Stock-taking, Roast Pork, and Exposition

As the end of the calendar year draws to a close, and as the pagan New Year begins, I have been taking some time to indulge in both some stocktaking and some metacognition, mainly inspired by Imbrium over at and her thought-provoking posts.

(She’s also far more punctilious in updating her blog. Mea maxima culpa.)

I am ending another year of life, for which I am thankful. I have done a lot of good things this year (adopted two kittens, bought a house, wrote 50,000 words of my novel, etc) and a lot of not-so-good things (still in the same soul-crushingly boring job, still haven’t finished the novel, had a falling-out with my family), but I am still here, and I am still alive. Yes, I’ve dealt with a roof that leaks, a window that needs to be replaced, cutting down part of a tree before it fell on the neighbor’s house, but it’s our house.

Tomorrow, I meet with someone for the first time to show them an early draft of my novel and get their feedback and critique. This is the first time I have done this since college. For those of you who don’t know, I am a raging-bordering-on-obsessive perfectionist. I never think my work is as polished as it could be. I always see ways it could be improved. Showing someone who is completely unfamiliar with my characters my work for the first time actually has me a bit…apprehensive. I know that mechanically my work is near-perfect. What I am worried about are the more intangible things- is my world believable? Are my characters engaging? Would anyone want to read this?

I must face this fear, because there was someone in my NaNo writing group who struck me with what she said about her own work. Paraphrased, she said the following:

I just wrote this story for myself. I took the five free copies that we got from (insert name of website) and they are sitting on my shelf. I don’t want anyone to ever read it…but I am still a writer!

To me, she is not a writer, because writers write for others to read. This is why I think I did not fit in well with my NaNo group. I am writing to be a writer- I have stories that need to be told, and I know there are those out there who want to read them. I did NaNo as a way to make myself focus back on my writing, not because “I wanna write a novel!” To start with, 50,000 words is not a novel, it’s a novella. But that’s neither here nor there. I will face my fears with a pounding heart and a calm, fixed mind. 

On to happier thoughts.

I am roasting a crown roast of pork tonight, in honor of the season. I’ve never done it before, but hey, it’s pork. Pork and I get along real well. Oddly enough, last night I dreamed of cooking pork- but I had to find this certain set of dishes to serve it in- a set of blue-and-white porcelain plates that portrayed the Norns.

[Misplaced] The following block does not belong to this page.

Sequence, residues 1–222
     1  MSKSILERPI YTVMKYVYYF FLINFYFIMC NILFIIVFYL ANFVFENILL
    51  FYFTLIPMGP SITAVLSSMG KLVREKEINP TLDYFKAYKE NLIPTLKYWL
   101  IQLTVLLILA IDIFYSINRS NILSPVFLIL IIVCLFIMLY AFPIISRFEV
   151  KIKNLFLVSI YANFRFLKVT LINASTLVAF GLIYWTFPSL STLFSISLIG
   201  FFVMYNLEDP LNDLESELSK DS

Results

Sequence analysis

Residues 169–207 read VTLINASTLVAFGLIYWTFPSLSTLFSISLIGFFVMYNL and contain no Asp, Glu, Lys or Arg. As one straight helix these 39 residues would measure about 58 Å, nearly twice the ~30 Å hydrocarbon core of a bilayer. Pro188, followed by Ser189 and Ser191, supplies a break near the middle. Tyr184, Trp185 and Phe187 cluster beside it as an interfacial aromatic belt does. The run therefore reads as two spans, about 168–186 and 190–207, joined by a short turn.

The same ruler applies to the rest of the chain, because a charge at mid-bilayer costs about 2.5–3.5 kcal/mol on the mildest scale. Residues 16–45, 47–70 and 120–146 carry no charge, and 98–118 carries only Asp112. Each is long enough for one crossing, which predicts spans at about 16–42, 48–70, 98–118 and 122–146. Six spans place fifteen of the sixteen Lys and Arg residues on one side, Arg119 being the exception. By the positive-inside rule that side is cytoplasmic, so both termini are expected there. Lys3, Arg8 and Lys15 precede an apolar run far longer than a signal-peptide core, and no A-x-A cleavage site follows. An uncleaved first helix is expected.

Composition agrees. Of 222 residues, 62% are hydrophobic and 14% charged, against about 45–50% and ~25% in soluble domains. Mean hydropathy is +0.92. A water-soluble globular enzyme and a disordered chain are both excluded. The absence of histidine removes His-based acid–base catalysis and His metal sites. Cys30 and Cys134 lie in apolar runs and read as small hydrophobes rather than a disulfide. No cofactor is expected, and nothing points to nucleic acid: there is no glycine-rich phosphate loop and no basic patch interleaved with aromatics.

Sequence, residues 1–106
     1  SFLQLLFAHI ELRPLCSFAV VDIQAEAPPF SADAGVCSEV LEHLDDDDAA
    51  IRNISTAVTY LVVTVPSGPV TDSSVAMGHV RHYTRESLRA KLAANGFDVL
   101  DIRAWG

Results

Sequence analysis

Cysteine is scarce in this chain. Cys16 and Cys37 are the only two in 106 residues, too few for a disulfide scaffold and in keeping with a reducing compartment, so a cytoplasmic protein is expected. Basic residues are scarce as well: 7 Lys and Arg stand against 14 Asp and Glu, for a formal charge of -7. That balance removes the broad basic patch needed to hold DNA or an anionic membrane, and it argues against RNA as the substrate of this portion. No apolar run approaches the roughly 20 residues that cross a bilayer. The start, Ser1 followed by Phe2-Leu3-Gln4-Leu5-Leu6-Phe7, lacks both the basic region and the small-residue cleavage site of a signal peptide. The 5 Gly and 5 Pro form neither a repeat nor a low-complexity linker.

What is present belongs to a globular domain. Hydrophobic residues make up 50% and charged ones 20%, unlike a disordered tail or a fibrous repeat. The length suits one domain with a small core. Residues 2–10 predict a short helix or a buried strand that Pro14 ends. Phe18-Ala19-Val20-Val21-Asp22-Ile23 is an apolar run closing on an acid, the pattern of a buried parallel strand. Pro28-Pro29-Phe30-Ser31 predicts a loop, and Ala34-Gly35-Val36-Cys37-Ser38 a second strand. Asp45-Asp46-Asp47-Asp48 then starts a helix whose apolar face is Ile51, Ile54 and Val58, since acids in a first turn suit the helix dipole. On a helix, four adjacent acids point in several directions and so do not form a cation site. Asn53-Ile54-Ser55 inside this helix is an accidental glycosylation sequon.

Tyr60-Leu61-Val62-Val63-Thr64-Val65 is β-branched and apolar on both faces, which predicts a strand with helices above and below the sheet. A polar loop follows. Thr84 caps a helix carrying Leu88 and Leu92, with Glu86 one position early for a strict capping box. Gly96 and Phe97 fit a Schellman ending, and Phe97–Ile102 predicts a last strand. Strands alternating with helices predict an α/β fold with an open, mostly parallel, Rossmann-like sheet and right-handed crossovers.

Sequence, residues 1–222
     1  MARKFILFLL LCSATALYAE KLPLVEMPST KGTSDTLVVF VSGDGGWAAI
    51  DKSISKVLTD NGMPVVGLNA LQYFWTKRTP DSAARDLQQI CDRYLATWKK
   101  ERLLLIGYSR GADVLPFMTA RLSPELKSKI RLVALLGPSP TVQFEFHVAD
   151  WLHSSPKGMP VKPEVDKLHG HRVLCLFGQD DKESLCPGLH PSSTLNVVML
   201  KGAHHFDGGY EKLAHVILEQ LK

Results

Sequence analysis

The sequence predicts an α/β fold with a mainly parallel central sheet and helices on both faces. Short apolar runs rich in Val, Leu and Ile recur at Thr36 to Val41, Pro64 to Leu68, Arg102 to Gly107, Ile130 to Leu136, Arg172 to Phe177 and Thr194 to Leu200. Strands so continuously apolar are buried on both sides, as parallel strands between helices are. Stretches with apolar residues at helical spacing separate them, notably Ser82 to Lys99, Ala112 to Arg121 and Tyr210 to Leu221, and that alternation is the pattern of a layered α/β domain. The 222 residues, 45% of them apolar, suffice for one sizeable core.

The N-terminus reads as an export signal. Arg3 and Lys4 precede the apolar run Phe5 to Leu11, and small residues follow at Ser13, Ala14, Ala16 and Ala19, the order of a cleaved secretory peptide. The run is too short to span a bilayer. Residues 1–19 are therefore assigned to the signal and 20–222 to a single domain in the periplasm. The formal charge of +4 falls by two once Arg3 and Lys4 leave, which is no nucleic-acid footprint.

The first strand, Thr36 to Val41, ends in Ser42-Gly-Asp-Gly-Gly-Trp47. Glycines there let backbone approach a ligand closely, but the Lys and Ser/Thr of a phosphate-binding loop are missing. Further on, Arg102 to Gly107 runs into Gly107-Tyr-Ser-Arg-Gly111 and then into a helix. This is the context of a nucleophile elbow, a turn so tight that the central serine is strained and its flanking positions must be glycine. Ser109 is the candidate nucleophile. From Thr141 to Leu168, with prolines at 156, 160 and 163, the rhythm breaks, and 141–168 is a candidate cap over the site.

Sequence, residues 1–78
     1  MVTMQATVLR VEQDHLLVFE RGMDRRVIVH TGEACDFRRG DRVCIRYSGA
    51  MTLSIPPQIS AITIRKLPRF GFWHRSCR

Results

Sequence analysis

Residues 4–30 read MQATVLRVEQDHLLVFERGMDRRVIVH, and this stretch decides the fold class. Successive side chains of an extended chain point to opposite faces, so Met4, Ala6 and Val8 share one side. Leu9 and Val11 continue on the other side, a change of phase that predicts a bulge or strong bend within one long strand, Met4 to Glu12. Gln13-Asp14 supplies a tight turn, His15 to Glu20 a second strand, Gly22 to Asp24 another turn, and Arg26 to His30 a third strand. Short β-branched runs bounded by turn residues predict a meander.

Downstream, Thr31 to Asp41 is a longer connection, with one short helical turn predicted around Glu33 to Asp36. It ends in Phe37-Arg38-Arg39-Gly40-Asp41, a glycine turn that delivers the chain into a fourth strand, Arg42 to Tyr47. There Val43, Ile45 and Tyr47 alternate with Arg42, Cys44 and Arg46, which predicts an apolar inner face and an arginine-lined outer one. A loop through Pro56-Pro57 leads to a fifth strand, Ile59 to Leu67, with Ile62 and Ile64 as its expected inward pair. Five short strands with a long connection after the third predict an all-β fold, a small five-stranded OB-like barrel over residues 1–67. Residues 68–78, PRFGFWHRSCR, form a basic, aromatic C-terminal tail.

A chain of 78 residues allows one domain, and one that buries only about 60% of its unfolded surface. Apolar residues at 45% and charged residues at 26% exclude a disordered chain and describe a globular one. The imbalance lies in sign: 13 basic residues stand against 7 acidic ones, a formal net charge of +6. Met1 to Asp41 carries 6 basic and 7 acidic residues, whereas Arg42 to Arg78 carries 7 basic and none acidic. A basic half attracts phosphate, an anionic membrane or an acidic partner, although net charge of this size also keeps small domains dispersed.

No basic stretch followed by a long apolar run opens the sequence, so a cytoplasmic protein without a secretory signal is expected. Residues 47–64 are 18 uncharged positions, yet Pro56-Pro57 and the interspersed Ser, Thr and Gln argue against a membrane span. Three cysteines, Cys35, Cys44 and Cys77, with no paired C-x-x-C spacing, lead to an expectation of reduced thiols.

The Norns (Old Norse: norn, plural: nornir) in Norse mythology[1] are female beings who rule the destiny of gods and men, a kind of dísir comparable to the Fates in Greek mythology.

According to Snorri Sturluson‘s interpretation of the Völuspá, the three most important norns, Urðr (Wyrd), Verðandi and Skuld come out from a hall standing at the Well of Urðr (well of fate) and they draw water from the well and take sand that lies around it, which they pour over Yggdrasill so that its branches will not rot.[2] These norns are described as three powerful maiden giantesses (Jotuns) whose arrival from Jötunheimr ended the golden age of the gods.[2] They may be the same as the maidens of Mögþrasir who are described in Vafþrúðnismál .[2]

Beside these three norns, there are many other norns who arrive when a person is born in order to determine his or her future.[2] There were both malevolent and benevolent norns, and the former caused all the malevolent and tragic events in the world while the latter were kind and protective goddesses.[2] Recent research has discussed the relation between the myths associated with norns and valkyries and the actual travelling Völvas (seiðr-workers), women who visited newborn children in the pre-Christian Norse societies.[3]

^From Wikipedia.

This was crucial to the meal- I couldn’t even start until I found these dishes. I found myself in my paternal grandmother’s kitchen, digging through her cupboards, but they weren’t there. I knew not to go to my maternal grandmother’s house, because she wouldn’t have such things and wouldn’t understand why they were important. Same goes for my mother’s kitchen. My father may have had them, but his kitchen got broken up shortly after his passing, so I wouldn’t have an idea where to find them. I found dishes with Thor, and Odin, and Freya, and gods and goddesses I didn’t recognize, but none with the Norns on them. Unfortunately, before I could find them, one of the aforementioned kittens decided at that moment to pounce on my head and demand I refill his water bowl in this world, so I woke up before I could find the dishes.